Domestic workers, also known as house maids or handmaids, are a predominately female workforce that traditionally provides labor in upper-class households. With the increase of dual income families and the global expansion of the middle class, the demand for domestic workers increased, which facilitated the practice of importing lower-cost foreign domestic workers (FDWs) from developing areas. Hong Kong has the highest concentration of FDWs when compared to other metropolitan areas, such as Taiwan, Singapore, or New York. Since the trade began in the 1970s, qualitative research and journalistic investigations have reported that FDWs frequently encounter exploitation, including emotional, physical, and sexual abuse; being underpaid and overworked; and racial discrimination. With sparse quantitative research identifying risk factors that predict psychological well-being, this study hypothesized two models: (a) racial and ethnic microaggressions, job satisfaction, and family concern predict psychological distress and (b) resilience mediates the association in the first model. We surveyed 478 female FDWs in Hong Kong, and the results suggested that racial and ethnic microaggressions, job satisfaction, and family concerns were significant predictors of psychological distress, supporting the first hypothesis. The women demonstrated very high levels of psychological resilience; however, due to a ceiling effect in the measure of resilience, the data collected on resilience were unrelated to job satisfaction and family concerns. Thus, the second model was not supported, apparently due to a problem in the measurement of the construct of resilience in this sample of FWDs. Overall, FDWs’ working conditions and their level of resilience to those conditions did significantly influence their levels of psychological distress. These findings serve as pilot data for future quantitative research that investigates female FDWs’ employment experience.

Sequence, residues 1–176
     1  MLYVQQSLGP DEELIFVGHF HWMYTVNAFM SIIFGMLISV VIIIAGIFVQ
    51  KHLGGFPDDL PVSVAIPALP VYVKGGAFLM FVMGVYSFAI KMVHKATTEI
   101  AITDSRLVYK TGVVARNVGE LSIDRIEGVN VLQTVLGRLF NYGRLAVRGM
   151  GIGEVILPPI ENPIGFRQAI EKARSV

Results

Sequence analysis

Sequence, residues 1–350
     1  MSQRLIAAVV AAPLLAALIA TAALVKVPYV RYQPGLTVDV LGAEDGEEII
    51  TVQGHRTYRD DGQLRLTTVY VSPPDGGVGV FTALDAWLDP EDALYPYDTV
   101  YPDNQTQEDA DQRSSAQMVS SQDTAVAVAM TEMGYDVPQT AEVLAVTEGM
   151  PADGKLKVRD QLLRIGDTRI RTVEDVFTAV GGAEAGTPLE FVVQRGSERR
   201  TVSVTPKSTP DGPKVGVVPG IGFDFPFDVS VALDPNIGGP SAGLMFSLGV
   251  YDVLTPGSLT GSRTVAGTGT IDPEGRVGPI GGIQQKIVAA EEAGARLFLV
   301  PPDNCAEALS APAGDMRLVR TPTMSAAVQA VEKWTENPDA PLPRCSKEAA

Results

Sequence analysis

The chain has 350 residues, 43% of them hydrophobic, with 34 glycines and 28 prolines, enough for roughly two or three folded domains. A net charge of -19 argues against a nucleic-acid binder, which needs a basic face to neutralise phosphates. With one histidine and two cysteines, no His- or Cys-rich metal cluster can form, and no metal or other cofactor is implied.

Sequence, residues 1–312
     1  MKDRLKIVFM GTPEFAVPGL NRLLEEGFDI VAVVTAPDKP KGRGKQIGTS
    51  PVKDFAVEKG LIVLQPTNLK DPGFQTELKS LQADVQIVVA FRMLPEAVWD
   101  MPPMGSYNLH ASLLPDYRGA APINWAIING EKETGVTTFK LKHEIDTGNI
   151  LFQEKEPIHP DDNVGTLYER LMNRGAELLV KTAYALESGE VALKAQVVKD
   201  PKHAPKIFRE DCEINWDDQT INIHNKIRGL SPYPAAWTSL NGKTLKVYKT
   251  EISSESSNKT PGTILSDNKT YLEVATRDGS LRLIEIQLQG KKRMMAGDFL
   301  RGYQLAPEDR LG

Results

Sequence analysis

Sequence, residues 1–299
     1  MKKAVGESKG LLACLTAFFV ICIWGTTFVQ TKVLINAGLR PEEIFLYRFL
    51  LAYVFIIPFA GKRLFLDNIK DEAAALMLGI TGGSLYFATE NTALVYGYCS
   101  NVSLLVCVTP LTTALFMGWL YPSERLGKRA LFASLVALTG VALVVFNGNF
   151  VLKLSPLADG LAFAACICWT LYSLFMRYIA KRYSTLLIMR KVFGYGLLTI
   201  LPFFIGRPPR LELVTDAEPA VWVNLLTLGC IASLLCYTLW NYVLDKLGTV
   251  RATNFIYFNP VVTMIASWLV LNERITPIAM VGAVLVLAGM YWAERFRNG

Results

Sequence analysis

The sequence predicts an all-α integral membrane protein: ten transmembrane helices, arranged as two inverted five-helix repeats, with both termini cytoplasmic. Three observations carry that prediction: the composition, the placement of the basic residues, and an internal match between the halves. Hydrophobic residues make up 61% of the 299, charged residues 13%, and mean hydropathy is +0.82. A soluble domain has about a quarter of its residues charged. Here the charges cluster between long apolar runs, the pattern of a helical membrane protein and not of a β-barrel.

College and Department

David O. McKay School of Education; Counseling Psychology and Special Education



Date Submitted


Document Type





domestic workers, discrimination, exploitation, job satisfaction